Salomon Garcia: Week 11

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Preparation for Journal Club 3

  • This is a link to the DNA Microarray journal club that was done on April 13, 2010:

DNA Microarray Journal club

  • Link to the Powerpoint presentation for Journal Club 3:
  • Link to the Data Set: Data Set

Ten New Words from the van de Mortel paper

  1. Hydroponic- the cultivation of plants by placing the roots in liquid nutrient solutions rather than in soil; soilless growth of plants.
  2. Hyperaccumulator-A plant is said to be a hyperaccumulator if it can concentrate the pollutants in a minimum percentage which varies according to the pollutant involved.
  3. putative genes-a putative gene is a piece of DNA thought to be a gene based on sequence (ex. Open Reading Frame) but either the protein produced or the function of what is thought to be the expressed protein is not known.
  4. ethylene biosynthesis- Protein involved in the synthesis of ethylene (C2H4), an unsaturated hydrocarbon gas mainly produced in plants. It has developmental effects as a hormone, including growth inhibition, regulation of fruit development, leaf abscission and aging.
  5. lignin biosynthesis-begins in the cytosol with the synthesis of glycosylated monolignols from the amino acid phenylalanine.
  6. nonaccumulator- is a plant that tends to not accumulate high amounts of a metal. (from the van de Mortel et. al. paper)
  7. defensin genes-defensin, alpha 1, is found in the microbicidal granules of neutrophils and likely plays a role in phagocyte-mediated host defense.,_alpha_1
  8. vacuolar transporter-
  9. suberin biosynthesis- The biosynthesis of the aliphatic monomers shares the same upstream reactions with cutin biosynthesis, and the biosynthesis of aromatics shares the same upstream reactions with lignin biosynthesis. Lignin and suberin are the only known biological polymers that are irregular.
  10. lignification- a change in the character of a cell wall, by which it becomes harder. It is supposed to be due to an incrustation of lignin.


  • Micronutrients essential for plants
    • Zinc plays important role in biological process
    • Toxic in high amounts
      • Plant keeps tight regulation in zinc homeostasis
    • Zinc homeostasis mechanism is universal except for few exception
  • Accumulation of large amount of zinc by zinc hyperaccumulators
    • more than 1% of dry weight
    • 10000 micro gram of zinc per gram in hyperaccumulators
    • 30-100 micro gram per gram in most other plants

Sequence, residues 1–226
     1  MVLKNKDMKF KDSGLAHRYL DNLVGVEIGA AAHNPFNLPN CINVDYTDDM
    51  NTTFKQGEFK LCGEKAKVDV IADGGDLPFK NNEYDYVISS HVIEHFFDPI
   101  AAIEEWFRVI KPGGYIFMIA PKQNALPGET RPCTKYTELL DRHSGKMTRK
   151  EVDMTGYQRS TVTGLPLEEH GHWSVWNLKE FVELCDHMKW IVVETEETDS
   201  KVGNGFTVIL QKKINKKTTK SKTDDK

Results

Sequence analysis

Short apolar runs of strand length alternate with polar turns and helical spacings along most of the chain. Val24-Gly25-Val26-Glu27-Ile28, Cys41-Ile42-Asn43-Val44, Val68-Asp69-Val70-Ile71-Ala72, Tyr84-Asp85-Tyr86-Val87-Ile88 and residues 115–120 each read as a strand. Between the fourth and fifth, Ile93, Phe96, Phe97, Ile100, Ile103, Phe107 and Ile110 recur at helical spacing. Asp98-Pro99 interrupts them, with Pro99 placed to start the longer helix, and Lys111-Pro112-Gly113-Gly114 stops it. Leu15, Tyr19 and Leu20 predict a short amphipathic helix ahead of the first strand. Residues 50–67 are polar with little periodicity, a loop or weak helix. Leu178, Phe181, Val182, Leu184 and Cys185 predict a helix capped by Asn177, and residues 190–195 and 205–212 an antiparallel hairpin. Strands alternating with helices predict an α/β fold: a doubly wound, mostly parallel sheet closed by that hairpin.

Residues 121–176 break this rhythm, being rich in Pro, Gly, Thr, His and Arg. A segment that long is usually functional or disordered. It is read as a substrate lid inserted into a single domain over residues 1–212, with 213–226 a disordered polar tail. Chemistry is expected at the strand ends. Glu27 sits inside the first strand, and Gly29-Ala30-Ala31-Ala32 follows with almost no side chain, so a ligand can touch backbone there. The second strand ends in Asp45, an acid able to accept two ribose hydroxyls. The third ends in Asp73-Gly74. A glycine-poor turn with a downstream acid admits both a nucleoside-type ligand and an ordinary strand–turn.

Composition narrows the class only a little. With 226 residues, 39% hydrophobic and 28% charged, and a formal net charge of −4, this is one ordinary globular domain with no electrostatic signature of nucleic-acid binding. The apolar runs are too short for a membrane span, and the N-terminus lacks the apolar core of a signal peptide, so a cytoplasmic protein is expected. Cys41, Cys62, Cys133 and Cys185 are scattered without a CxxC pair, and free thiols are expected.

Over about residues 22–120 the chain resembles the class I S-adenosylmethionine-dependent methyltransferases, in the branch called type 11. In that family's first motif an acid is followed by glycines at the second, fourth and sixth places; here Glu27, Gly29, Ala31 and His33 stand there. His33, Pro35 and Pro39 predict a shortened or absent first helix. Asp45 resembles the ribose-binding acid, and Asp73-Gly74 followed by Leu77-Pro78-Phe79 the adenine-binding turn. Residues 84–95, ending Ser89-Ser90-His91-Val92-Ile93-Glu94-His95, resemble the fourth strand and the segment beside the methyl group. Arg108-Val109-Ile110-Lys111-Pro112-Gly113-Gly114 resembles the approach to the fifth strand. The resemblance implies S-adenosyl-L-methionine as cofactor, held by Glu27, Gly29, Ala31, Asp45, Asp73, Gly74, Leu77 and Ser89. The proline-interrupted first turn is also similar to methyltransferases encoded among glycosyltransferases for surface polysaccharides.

• Over 300 is usually toxic
    • T.caerulescens is a zinc hyperaccumulator
      • Closely related to A. thalina
    • Zinc concentration in shoots often found to be higher in roots of hyperaccumulators
  • Homeostatic mechanisms have evolved in plants
    • control the uptake, accumulation, trafficking, and detoxification of metals
    • Physiology of metal hyperaccumulation is understood, the molecular genetics has not been explored in great detail
  • Genes that are more likely to be relevant in adaptation to high zinc exposure in T. caerulescens
    • root response to zinc was examined in deficient, sufficient and excess amounts.
    • comparison between Arabidopsis and T. caerulescens
Materials and Methods
  • Preparation of plants for root and shoot metal accumulation assay
    • Germinated in garden peat soil
    • 3 week old seedlings were transferred to pots containing Hoagland solution
    • pH buffer was added and was set to a 5.5 pH
    • After 3 weeks both species were transferred to the modified solution containing:
      • Deficient (0 micro meters) ZnSO4
      • Sufficient (10 micro meters) ZnSO4
      • Excess (1000 micro meters) ZnSO4
  • 4 weeks later plants were harvested
    • Root system was desorbed with cold 5mM PbNO3
    • Shoots and roots dried overnight
    • Analysis for zinc, iron, and manganese was done using atomic absorption spectrometry
  • cDNA from T. caerulescens roots was exposed to sufficient zinc and was used as the common reference
    • Common reference was labeled with Cy3, treatment samples were labeled with Cy5
    • Roots of one pot were pooled and homogenized in liquid nitrogen
    • Each pool considered to be one biological replicate
  • RNA was extracted, purified, and hybridized on slides for the microarray
    • 27,000+ annotated genes and 10000+ nonannotated genes
    • After hybridization slides were scanned, analyzed and normalized
      • Agilent Feature Extraction software was used
    • T-test was done in order to find differentially expressed genes
    • Differentiated genes were clustered in tree diagram
    • Dye Swap hybridization was performed for QC
  • RNA extracted from both species in order to run semiquantitative RT-PCR
    • Primers were created in order to ensure correct amplification of T. caerulescens genes
    • Care was taken in order to ensure comparable positions and lengths between the two
    • 25-35 PCR cycles were done
  • Three conditions were done to expose zinc in Arabidopsis